Olberter contends that the bill "has virtually no chance, in its current form, of becoming law." He says the tax loophole closures "are a nonstarter with Senate Republicans and the White House, which opposes taxes generally and these measures specifically." ...this is likely the last meaningful attempt by the Congress to pass extension of renewable energy tax credits before November; he predicts that the solar and wind credits "will probably lapse on December 31."
Congress seems ready to spend billions on a new "Manhattan Project" for green energy, or at least the political class really, really likes talking about one. But maybe we should look at what our energy subsidy dollars are buying now. ...The wind and solar lobbies are currently moaning that they don't get their fair share of the subsidy pie. They also argue that subsidies per unit of energy are always higher at an early stage of development, before innovation makes large-scale production possible. But wind and solar have been on the subsidy take for years, and they still account for less than 1% of total net electricity generation.
Last month, a group of 25 environmental activists staged an impromptu demonstration outside the Sydney offices of yet another global organisation. But this time it wasn't a multinational mining or oil company that was the target, but the environment group WWF.
They were protesting against WWF's decision to partner with the coal industry, the Construction, Forestry, Mining and Energy Union and the environment think tank the Climate Institute in working to accelerate the development of carbon capture and storage technology, otherwise known as clean coal.
This was just the latest exchange in the simmering brand war between Australia's two biggest green groups, WWF and Greenpeace, revealing the widening ideological divide between conservationists and activists of the founding denominations in the broad church of the environment movement.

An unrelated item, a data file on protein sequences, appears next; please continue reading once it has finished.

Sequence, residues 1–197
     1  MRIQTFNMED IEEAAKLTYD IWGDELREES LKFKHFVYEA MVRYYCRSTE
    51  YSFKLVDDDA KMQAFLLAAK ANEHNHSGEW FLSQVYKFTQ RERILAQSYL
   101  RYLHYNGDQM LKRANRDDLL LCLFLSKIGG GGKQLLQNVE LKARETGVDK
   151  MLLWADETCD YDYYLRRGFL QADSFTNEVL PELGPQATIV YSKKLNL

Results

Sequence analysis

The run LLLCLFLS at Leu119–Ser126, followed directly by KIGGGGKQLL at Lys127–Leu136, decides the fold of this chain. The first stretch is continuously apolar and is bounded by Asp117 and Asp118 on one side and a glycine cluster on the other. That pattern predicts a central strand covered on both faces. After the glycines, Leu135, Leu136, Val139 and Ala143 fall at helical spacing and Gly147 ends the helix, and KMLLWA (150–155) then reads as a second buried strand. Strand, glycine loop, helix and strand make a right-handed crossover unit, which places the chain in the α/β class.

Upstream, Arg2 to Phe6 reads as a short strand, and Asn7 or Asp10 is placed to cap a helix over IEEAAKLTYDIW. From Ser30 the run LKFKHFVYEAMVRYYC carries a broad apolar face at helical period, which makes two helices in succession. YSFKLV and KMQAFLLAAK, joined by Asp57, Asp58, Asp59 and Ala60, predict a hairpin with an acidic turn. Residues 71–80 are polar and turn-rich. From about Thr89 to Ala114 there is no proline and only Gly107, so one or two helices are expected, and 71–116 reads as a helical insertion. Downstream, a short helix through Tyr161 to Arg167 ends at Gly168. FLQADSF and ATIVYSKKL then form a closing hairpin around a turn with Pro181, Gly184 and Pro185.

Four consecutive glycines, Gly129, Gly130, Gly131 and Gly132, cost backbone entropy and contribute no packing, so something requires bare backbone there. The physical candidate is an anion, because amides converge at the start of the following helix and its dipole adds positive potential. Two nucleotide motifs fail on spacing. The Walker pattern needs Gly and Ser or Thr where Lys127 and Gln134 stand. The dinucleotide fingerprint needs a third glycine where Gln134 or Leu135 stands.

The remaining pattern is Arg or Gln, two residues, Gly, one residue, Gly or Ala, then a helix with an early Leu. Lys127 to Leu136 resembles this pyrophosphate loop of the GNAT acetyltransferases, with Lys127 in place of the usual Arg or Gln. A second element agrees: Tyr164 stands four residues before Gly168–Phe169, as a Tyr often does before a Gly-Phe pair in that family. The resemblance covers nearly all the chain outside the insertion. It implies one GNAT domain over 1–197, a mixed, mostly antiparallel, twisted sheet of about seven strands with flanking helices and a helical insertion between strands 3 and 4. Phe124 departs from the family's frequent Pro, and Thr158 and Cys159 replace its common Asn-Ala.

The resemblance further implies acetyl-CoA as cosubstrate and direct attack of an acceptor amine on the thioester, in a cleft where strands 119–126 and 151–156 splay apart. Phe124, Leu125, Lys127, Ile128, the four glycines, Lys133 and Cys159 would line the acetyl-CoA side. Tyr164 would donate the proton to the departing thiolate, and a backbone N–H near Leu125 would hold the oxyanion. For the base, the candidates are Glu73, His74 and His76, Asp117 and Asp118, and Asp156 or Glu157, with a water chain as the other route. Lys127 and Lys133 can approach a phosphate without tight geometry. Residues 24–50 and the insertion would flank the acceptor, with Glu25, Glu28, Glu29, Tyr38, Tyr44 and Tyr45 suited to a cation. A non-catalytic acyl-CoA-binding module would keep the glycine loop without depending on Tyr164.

New Zealand relies on agricultural production for its sustenance, and that has not changed in centuries.
And now as ever, there is friction where the edge of pastoral and agricultural production meets residential.
As the Marlborough vineyards grow, increasingly the use of wind machines to keep frost at bay is annoying residents.
Actually, it's angering them. They are hopping mad.
Only George Orwell could have invented - and named - the British Government's Renewable Transport Fuel Obligation (RTFO) that came into operation yesterday. It is the latest in a long line of measures intended to ease the conscience of the rich while keeping the poor miserable, in this case spectacularly so. ...The British Government has been persuaded by the wind turbine manufacturers to commit a third of its annual renewables subsidy to this uniquely inefficient energy source, advertising over hill and dale the cabinet's horror of making a decision on nuclear power. ...If all these fancy subsidies and market manipulations were withdrawn tomorrow and government action confined to energy-saving regulation, I am convinced the world would be a cheaper and a safer place, and the poor would not be threatened with starvation.